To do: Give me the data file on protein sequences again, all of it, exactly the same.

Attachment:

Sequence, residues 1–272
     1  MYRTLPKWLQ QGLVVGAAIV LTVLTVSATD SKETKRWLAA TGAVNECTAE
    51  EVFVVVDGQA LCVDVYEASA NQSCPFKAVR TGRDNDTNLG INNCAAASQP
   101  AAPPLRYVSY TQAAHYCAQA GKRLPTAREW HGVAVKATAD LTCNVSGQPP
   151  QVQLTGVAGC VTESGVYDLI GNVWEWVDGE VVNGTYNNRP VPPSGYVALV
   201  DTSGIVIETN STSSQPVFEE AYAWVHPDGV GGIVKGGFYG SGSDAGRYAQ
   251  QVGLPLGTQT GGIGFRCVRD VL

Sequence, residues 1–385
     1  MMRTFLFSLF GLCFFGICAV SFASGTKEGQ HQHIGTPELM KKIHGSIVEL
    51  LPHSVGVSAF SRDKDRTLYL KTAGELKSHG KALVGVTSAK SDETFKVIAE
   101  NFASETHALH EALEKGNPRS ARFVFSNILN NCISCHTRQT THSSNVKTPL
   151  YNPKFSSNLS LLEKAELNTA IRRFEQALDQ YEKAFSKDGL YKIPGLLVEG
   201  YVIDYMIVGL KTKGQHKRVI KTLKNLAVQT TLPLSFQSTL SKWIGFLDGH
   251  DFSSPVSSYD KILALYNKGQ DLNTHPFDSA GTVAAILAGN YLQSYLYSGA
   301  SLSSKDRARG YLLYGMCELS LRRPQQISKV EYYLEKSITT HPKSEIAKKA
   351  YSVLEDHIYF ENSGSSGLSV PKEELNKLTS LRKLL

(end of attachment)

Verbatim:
Sequence, residues 1–272
     1  MYRTLPKWLQ QGLVVGAAIV LTVLTVSATD SKETKRWLAA TGAVNECTAE
    51  EVFVVVDGQA LCVDVYEASA NQSCPFKAVR TGRDNDTNLG INNCAAASQP
   101  AAPPLRYVSY TQAAHYCAQA GKRLPTAREW HGVAVKATAD LTCNVSGQPP
   151  QVQLTGVAGC VTESGVYDLI GNVWEWVDGE VVNGTYNNRP VPPSGYVALV
   201  DTSGIVIETN STSSQPVFEE AYAWVHPDGV GGIVKGGFYG SGSDAGRYAQ
   251  QVGLPLGTQT GGIGFRCVRD VL

Sequence, residues 1–385
     1  MMRTFLFSLF GLCFFGICAV SFASGTKEGQ HQHIGTPELM KKIHGSIVEL
    51  LPHSVGVSAF SRDKDRTLYL KTAGELKSHG KALVGVTSAK SDETFKVIAE
   101  NFASETHALH EALEKGNPRS ARFVFSNILN NCISCHTRQT THSSNVKTPL
   151  YNPKFSSNLS LLEKAELNTA IRRFEQALDQ YEKAFSKDGL YKIPGLLVEG
   201  YVIDYMIVGL KTKGQHKRVI KTLKNLAVQT TLPLSFQSTL SKWIGFLDGH
   251  DFSSPVSSYD KILALYNKGQ DLNTHPFDSA GTVAAILAGN YLQSYLYSGA
   301  SLSSKDRARG YLLYGMCELS LRRPQQISKV EYYLEKSITT HPKSEIAKKA
   351  YSVLEDHIYF ENSGSSGLSV PKEELNKLTS LRKLL